This Is Us, But Mainly Randall

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Randall

When I say I *LOVE* Randall I am reminded of the power and limits of language because I am not fully conveying how moved I am by this character.

I read once that people who cry on movies and TV shows tend to be sensitive people, in general. I read it and totally agreed, because clearly I am a thug.

straight face

(yes, the use of a white man’s face to illustrate “thug” is intentional.)

But let me tell you how This Is Us challenges my identity as a thug ALL the time! One character who consistently tugs on my heart is Randall. His story is so layered and I can’t help but get sucked in.

Let’s start with the fact that he’s adopted. Black kids make up nearly 40% of the foster care system despite the fact that Black people are less than 15% of the total population of America. Black babies are less likely to get adopted and the likeliness only lessens as they get older. So Randall being adopted as newborn sets the stage for the unique life he’s going to live.

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Look at little Randall. This beautiful little boy begged his parents to go to this particular pool on a super hot day. Later we find out that it’s because this pool always has lots of Black people. We also learned in this scene that he’s been breaking out because his barber doesn’t know how to cut Black hair.

Foster and adoptive parents (and those of you who might do it in the future), you can wholly love your child, but that doesn’t mean you know what they need. Most times adoptive families are able to provide their child a “better” life than their bio parents would’ve been able to. However, the best way to love them is to honor the fact that they are different from you. Honoring those differences makes everybody’s lives better.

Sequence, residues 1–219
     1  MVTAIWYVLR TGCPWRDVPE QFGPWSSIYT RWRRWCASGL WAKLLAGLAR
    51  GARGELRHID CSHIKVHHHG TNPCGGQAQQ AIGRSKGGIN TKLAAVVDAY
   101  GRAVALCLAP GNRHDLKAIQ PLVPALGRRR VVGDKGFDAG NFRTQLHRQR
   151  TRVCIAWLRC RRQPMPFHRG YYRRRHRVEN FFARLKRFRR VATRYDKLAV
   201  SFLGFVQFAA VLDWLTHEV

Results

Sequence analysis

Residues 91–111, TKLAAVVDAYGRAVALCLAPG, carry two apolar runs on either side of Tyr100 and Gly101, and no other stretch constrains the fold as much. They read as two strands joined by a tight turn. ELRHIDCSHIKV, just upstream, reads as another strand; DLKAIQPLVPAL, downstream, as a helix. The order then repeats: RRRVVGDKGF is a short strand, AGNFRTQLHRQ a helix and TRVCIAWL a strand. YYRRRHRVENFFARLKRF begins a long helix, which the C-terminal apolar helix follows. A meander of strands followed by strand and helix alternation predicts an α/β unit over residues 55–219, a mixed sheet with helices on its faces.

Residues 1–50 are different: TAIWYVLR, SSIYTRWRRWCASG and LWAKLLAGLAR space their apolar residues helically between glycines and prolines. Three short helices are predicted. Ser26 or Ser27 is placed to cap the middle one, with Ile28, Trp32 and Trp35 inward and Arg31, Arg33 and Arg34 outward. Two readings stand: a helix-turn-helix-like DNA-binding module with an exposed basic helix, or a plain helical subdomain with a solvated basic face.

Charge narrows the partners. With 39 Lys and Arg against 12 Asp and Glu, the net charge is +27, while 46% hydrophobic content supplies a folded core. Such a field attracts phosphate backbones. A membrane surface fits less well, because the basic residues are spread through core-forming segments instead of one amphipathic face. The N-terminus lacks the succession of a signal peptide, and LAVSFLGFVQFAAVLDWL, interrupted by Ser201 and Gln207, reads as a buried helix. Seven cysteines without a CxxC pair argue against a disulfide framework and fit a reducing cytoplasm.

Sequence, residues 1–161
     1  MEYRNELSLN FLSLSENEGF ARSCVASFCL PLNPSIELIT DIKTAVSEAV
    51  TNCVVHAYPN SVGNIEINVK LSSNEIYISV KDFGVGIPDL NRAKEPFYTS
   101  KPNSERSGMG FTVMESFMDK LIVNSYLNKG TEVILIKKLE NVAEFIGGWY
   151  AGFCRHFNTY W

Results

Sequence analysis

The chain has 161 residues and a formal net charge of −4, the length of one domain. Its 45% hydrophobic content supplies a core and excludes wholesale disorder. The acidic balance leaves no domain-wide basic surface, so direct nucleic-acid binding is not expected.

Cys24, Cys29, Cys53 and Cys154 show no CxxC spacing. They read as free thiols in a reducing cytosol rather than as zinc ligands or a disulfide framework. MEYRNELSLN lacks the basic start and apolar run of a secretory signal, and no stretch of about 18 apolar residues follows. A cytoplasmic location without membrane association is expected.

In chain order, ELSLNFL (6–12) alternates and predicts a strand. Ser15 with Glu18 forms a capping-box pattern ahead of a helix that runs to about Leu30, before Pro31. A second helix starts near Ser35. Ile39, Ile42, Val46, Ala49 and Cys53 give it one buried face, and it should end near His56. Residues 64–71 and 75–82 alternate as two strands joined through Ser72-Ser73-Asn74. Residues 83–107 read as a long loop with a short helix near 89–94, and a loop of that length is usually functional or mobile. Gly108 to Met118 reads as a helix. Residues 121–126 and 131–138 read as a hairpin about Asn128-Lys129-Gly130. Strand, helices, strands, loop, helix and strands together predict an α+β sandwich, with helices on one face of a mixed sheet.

Jack had to argue with his wife about the importance of their son having Black mentors. Randall started going to random Black people to see if they could roll their tongues in hopes that he’d find a genetic connection. Rebecca lived with the lie that her love to him was enough to fill the void, but it wasn’t.

Enter the devastation we all felt when we found out that Rebecca knew William all along. Adoption provides a new way of life, but it doesn’t replace the other life that would’ve emerged. That’s why I loved Number 3’s episode where we got to see William dream about sharing big moments with Randall and his family.

Admittedly, this is hard for most people to get though. I mean, look at how hard it was to give Deja back to her mom.

It was even harder to watch her struggle to go back. It was so impactful to hear her say that even though she wanted to go back with her mom, that didn’t mean she didn’t wanna stay with the Pearsons. It shows the struggle a lot of kids go through who are adopted or in the system. It’s part of why Randall visited Howard University.